Given a significant number of organisations are unlikely to have the necessary historical data to determine the interest rate implicit in the lease (“IRIIL”) for transition, it seems logical that the use of the incremental borrowing rate (“IBR”) will be relatively common at the date of adoption.

Additionally, any company choosing to use one of the modified retrospective approaches is required to use the IBR. For leases signed after transition, companies may be more readily able to determine IRIIL, however it is likely that companies will enter into leases which require the continued use of the IBR.

Lessee’s incremental borrowing rate

The rate of interest that a lessee would have to pay to borrow over a similar term, and with a similar security, the funds necessary to obtain an asset of a similar value to the right of use asset in a similar economic environment.”

Additional detail on determining the incremental borrowing rate can be found in the guidance outlining the transition related practical expedient for using a single discount rate for a portfolio of leases:

a lessee may apply a single discount rate to a portfolio of leases with reasonably similar characteristics (such as leases with a similar remaining lease term for a similar class of underlying asset in a similar economic environment).”

Combining these two aspects together results in the six factors (in green) requiring consideration in determining an IBR, either for an individual lease or a portfolio of leases.

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IAS 24 Related parties by definition starts with two classes of related parties: IAS 24 Related parties by definition 6

  • person(s) IAS 24 Related parties by definition
  • entity(ies) IAS 24 Related parties by definition

in relation to the central entity in this standards the REPORTING ENTITY. IAS 24 Related parties by definition

The reporting entity in IAS 24 is referred to (so it strictly is spoken not an IFRS Definition) as the entity that is preparing its financial statements (consolidated and/or unconsolidated).

PERSONS

For persons it includes close members of that person’s family – where family is sometimes broader than a domestic (legal) definition of a married couple, as follows:

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Events after the Reporting period

When should a reporting entity recognise events after the reporting period in the financial statements that are being finalised?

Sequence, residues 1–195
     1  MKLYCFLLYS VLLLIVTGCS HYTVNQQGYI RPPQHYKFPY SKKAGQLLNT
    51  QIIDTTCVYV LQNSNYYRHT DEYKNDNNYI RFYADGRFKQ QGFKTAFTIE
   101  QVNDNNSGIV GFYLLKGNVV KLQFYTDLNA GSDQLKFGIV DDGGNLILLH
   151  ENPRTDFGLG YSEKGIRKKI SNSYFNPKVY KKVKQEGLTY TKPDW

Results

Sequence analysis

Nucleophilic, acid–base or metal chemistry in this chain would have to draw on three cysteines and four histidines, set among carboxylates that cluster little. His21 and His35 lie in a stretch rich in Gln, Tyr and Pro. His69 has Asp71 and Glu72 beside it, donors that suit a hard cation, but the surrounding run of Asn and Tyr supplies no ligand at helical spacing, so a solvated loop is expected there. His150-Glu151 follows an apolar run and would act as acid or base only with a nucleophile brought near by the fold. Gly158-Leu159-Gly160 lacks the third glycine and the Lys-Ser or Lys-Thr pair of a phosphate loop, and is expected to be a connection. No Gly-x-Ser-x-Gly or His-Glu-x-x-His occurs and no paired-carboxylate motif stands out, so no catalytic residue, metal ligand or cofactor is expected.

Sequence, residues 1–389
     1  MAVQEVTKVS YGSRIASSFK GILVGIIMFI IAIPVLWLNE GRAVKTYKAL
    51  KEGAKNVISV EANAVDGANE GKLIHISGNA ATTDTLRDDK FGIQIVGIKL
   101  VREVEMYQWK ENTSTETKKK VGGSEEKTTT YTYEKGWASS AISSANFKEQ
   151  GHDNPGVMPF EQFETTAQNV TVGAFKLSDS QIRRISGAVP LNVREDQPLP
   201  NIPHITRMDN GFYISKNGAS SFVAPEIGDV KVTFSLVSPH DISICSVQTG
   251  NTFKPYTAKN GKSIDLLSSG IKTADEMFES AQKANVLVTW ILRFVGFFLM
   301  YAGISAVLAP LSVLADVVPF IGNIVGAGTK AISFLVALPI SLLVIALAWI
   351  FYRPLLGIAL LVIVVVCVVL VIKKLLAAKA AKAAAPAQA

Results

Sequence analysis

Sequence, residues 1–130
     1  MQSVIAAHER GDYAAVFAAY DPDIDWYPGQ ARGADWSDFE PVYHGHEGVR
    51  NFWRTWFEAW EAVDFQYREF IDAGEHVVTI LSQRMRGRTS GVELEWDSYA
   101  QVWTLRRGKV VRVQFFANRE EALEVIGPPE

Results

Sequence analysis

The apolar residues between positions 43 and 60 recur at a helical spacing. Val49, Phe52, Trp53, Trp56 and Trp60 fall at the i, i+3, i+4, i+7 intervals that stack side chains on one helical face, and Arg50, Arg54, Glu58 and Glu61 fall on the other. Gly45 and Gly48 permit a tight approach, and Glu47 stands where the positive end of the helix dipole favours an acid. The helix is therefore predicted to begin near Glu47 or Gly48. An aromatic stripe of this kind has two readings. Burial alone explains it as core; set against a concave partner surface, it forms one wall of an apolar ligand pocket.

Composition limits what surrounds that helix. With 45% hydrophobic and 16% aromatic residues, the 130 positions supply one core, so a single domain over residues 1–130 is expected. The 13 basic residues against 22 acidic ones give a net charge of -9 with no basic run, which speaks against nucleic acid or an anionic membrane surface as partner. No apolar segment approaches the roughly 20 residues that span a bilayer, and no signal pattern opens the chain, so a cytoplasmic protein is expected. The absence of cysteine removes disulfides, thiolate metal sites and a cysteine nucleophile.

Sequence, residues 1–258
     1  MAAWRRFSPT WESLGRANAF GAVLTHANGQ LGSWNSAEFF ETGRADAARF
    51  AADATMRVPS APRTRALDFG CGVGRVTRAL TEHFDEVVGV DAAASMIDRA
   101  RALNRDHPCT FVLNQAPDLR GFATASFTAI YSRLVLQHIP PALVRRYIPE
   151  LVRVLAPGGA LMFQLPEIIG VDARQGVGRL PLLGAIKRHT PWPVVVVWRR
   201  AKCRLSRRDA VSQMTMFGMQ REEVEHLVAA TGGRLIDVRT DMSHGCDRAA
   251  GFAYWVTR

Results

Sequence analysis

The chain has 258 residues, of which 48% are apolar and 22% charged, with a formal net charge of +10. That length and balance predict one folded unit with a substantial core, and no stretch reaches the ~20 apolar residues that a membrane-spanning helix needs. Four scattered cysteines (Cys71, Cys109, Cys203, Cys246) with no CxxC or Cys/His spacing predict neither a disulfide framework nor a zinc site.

What are the disclosures that should be given about the date when the financial statements were authorised for issue and about the events after the reporting date?

The answers look a bit colorful but are spot on and short……

The events

The three important terms were it is all about are:

1. Events after the reporting period:

are those events, favourable and unfavourable, that occur between the end of the reporting period and the date when the financial statements are authorised for issue. (IAS 10 3 Definitions)

2. Adjusting events:

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IAS 37 Launch your Climate Risk Reporting

IAS 37 Launch your Climate Risk Reporting – In February 2020, the Governance Institute Australia published a practical guide to reporting against ASX Corporate Governance Council’s Corporate Governance Principles and Recommendation. IAS 37 Launch your Climate Risk Reporting

Recommendation 7.4 of the new ASX Corporate Governance Council’s Principles encourages entities for the first time to consider and report upon any material exposure to climate change risk. This practical new guide helps you to identify and disclose your climate change risks. IAS 37 Launch your Climate Risk Reporting

Review the guide on the Governance Institute Australia’s website. IAS 37 Launch your Climate Risk Reporting

Here is a summary: IAS 37 Launch your Climate Risk Reporting

Directors’ duties and climate change

In … Read more

Hold to collect and sell

Under the 'hold to collect and sell’ business model, the objective is to both collect the contractual cash flows and sell the financial asset for cash